Several years ago, Sarah was riding as a passenger in a car when it was involved in a serious collision. She suffered physical injuries that, despite surgery and years of arduous physical therapy, left her in pain and unable to walk more than a few metres. She found it difficult to leave home. The business that she ran went under. Depression followed. From being an outgoing person with a career and friends, her world shrank to the four walls of her flat.
The mobility component (that £23.70 per week) was enough for Sarah to take a taxi to a friend’s house once a week. Some weeks, that visit was the only social contact Sarah had.
But Sarah’s initial assessment – a tick-box exercise conducted (inevitably) by an outsourced provider and upheld on mandatory reconsideration – found that she was no longer entitled to the mobility component.
Helped by Z2K, Sarah appealed the decision. The system is complex and did not recognise the real-life difficulties she faced. Because of the pandemic, it took months for the appeal to be listed. Sarah was left frustrated. When a hearing date finally came, Z2K put the two of us in contact.
Lockdown meant that we couldn’t meet in person, but we spoke on the phone. We went through her case, her history, and the bundle provided by the DWP. With the hearing 10 days away, I prepared written submissions to explain to the Tribunal why the initial assessment was wrong and why it should be put right.
The hearing itself took place remotely. The panel, which included a judge and a doctor, asked Sarah questions. How often do you leave home? Can you walk as far as the length of two London buses? Can you come back again? Is that with or without a walking stick?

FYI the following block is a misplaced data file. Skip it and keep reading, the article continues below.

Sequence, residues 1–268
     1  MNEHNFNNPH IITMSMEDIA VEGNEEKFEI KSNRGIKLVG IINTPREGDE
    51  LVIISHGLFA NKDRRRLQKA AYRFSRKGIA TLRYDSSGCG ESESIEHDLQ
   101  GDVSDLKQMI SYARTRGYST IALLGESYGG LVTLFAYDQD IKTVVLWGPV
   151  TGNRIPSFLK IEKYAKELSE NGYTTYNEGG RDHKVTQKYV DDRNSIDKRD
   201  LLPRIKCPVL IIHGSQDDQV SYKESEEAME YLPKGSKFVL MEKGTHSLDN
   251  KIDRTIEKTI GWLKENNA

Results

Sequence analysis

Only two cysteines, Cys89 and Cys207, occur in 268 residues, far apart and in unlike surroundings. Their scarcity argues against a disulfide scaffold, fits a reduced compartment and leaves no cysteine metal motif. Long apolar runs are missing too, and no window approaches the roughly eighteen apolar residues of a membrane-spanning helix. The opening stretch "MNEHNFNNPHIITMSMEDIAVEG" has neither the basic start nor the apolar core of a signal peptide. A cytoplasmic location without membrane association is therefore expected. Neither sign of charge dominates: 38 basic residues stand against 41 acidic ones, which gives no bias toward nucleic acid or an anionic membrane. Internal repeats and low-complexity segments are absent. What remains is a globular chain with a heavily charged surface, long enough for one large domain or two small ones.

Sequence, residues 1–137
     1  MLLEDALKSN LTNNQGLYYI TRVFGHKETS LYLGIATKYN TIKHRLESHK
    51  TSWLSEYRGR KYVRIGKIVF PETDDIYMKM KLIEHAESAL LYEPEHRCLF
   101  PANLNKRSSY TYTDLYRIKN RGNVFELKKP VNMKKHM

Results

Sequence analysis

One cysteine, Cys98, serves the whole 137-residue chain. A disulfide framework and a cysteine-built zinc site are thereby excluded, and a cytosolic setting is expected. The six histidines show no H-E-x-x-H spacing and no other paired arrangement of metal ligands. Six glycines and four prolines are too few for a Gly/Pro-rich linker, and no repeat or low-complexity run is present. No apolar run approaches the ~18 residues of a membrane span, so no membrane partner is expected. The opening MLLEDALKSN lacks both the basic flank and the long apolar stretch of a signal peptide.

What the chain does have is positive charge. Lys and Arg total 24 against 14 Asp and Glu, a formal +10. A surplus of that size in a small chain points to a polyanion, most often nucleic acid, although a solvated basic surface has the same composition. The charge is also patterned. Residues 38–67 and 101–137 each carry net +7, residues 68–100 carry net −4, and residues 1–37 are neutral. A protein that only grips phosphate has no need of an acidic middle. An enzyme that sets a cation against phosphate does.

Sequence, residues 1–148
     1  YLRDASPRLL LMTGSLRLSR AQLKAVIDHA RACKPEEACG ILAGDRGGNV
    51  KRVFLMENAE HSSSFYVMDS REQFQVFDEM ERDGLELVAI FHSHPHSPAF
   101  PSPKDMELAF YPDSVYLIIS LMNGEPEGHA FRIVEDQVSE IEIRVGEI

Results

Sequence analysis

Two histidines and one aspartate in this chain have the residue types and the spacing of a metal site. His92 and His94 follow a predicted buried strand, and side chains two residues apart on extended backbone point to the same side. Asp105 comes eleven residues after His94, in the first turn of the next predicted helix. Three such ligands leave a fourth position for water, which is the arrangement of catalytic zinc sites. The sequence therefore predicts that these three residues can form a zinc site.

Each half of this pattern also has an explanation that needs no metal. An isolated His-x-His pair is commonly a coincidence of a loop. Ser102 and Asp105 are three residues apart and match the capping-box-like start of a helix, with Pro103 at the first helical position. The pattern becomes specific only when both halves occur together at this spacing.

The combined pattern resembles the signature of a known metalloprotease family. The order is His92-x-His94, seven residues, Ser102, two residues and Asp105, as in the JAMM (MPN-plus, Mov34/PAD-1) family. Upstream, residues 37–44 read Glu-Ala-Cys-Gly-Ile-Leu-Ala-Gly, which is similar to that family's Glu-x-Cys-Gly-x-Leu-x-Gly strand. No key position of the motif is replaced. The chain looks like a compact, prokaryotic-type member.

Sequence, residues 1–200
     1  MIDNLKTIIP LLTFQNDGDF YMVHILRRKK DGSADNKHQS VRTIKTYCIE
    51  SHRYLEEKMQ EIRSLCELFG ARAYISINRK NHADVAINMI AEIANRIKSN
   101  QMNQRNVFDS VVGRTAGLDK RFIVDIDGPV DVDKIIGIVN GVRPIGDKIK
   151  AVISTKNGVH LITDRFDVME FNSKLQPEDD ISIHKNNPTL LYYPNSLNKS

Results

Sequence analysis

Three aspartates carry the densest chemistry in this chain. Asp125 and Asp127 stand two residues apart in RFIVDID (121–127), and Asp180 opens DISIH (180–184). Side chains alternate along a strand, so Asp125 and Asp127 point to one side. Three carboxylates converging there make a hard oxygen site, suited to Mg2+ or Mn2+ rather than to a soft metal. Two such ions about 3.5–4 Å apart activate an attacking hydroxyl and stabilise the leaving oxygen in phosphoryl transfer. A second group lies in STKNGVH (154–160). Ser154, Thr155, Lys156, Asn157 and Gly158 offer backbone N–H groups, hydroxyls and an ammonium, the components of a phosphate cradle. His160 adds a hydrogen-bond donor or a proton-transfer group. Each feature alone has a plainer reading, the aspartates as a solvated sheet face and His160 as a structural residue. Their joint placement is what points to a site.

The hearing lasted for over an hour. Sarah did not find it easy. But the Tribunal was well-prepared and willing to listen. Sarah was able to put across her story.
Working with Sarah (and other clients referred by Z2K), I have seen up-close how pro bono support can help people effectively to put forward their case when dealing with a system that is slow, bureaucratic, and often unforgiving.
Sarah and I spoke again about a week later, the day that the decision arrived by post. The appeal had been successful, and her entitlement restored. She was pleased and relieved that it all been worthwhile. We chatted for a few minutes. Lockdown was easing and her son was planning to come home from university. Later that day, she was going to visit a friend for tea. She had already booked the taxi.
*name changed for confidentiality reasons.
Hogan Lovells International LLP